Hearing Chant in a Completely New Way

I’ve always been intrigued by the results of semiological studies that attempt a more precise rendering of the early signs, and comparing the results with the conventions of the first half of the 20th century when chant was rendered with a more equalist approach to rhythm.

A great way to discover the results of these studies comes from Fr. Anthony Ruff and his choir at St. Johns Abbey and University. A new CD called “Singing with Mary and the Saints” provides just this. The results are bright and fresh and, for those of us who sing propers year round, a fascinating look at a different approach. It might be the most compelling version of this revisionist approach to chant that I’ve heard.

For one thing, there is a certain bow to modernity in that the CD uses mixed voices. This is very difficult to do. Intonation must be perfect, and blend too. But they pull it off really well. This helps modern choirs too because mixed-voice chant is just part of the reality of our times. The two octaves can be startling at first but then you settle in and come to really appreciate its musical and sociological dimension.

Not knowing that much about how to interpret the old signs, I can only defer to Fr. Ruff here but it is fascinating to say the least. He goes further than most semiologists by changing not only rhythmic conventions but even notes (many Bbs are changed to B naturals). Is this the way chant was sung in the 9th century? I don’t see how anyone can know but it is surely interesting to hear one interpretation. It is very competently and confidently rendered. There are no missteps here. Both choir and director are determined and sure footed throughout.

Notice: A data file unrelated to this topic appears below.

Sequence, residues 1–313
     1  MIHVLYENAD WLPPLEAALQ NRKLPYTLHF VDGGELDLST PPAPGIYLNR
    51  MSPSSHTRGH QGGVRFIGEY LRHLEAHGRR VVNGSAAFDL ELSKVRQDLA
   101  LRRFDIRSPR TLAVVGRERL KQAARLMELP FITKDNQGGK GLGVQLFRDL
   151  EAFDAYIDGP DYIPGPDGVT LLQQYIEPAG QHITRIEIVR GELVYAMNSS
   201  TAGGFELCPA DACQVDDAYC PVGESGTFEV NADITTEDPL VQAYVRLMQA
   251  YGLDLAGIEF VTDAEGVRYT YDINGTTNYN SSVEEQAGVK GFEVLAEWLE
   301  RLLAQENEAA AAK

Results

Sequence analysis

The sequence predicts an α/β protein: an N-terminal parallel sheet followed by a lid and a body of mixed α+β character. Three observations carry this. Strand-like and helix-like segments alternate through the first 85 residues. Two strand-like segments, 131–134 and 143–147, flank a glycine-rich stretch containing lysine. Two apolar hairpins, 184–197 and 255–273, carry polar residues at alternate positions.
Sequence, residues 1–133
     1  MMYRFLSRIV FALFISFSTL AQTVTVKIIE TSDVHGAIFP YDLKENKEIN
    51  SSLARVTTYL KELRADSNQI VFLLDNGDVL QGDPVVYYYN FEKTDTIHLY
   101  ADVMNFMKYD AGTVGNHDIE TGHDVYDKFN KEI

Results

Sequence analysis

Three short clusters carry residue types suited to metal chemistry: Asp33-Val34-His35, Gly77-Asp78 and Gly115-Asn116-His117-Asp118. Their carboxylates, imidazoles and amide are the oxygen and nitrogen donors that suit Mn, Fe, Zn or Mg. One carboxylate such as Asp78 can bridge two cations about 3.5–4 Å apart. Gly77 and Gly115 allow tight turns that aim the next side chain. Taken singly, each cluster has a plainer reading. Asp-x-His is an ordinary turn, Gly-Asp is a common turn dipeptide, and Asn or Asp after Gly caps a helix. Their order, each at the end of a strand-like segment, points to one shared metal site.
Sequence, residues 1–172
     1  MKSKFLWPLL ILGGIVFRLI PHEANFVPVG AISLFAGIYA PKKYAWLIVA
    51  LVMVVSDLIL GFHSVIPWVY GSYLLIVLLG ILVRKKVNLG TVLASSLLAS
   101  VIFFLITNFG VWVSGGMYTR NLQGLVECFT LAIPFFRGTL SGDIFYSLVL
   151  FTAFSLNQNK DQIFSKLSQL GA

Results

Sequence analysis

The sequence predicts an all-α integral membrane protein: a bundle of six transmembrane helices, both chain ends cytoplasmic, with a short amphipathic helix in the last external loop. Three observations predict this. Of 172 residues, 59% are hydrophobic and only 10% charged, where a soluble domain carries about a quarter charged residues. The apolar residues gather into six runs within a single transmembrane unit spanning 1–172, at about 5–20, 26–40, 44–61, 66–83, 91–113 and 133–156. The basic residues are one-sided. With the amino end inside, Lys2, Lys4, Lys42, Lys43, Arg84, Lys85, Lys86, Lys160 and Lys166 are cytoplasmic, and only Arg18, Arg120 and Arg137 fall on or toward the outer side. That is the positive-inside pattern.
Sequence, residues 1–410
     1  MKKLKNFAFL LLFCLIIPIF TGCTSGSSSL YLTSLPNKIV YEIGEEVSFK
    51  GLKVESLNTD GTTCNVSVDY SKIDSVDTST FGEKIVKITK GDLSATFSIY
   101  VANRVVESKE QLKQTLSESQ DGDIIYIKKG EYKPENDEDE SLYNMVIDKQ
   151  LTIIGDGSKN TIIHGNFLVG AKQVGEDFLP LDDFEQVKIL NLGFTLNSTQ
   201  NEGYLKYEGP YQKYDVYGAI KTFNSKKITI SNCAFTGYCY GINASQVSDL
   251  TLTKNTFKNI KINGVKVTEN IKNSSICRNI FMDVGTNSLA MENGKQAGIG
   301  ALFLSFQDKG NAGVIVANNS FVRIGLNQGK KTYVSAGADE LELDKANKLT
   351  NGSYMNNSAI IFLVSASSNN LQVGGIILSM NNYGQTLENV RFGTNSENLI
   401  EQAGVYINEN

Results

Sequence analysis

If you just want to listen for reasons of piety and not musicology, there is a large pay off also, since the antiphons they chose are some of the most famous and interesting for the liturgical year.

Nicely done. If you have never heard the results of these kinds of studies, Singing with Mary and the Saints is a great way to familiarize yourself with this approach.

4 Replies to “Hearing Chant in a Completely New Way”

  1. It very much resembles Lazslo Dobszay's work with the Schola Hungarica, which also often made use of mixed voices, careful diction, and a strong contrast in the value given to longer and shorter notes. This resemblance is a good thing! Nice to see a bolder, more "European" approach to chant emerging in America.

  2. Yes…sounds much like what you hear in a Byzantine divine liturgy…representative of the PEOPLE singing. Especially the male voice with the turns on certain notes. Beautiful, a mystical sound.

  3. I wouldn't say the use of mixed voices is a bow to modernity. Female/ male voices sung in octaves mimic the sound of men and boys singing together. Also, melodic changes (reconstructed melodies) have been employed by European scholas for many years now. Reconstructed melodies aren't based on one's own subjective interpretation but scholarly research, so it would be inaccurate to say that Ruff's "going further than most semiologists" with his interpretation here.

    It's interesting to hear what people think of the sound. I would never have associated the chants on the CD with a Byzantine Divine Liturgy or as music for the people, but I can now see possible resemblance on the English verses!

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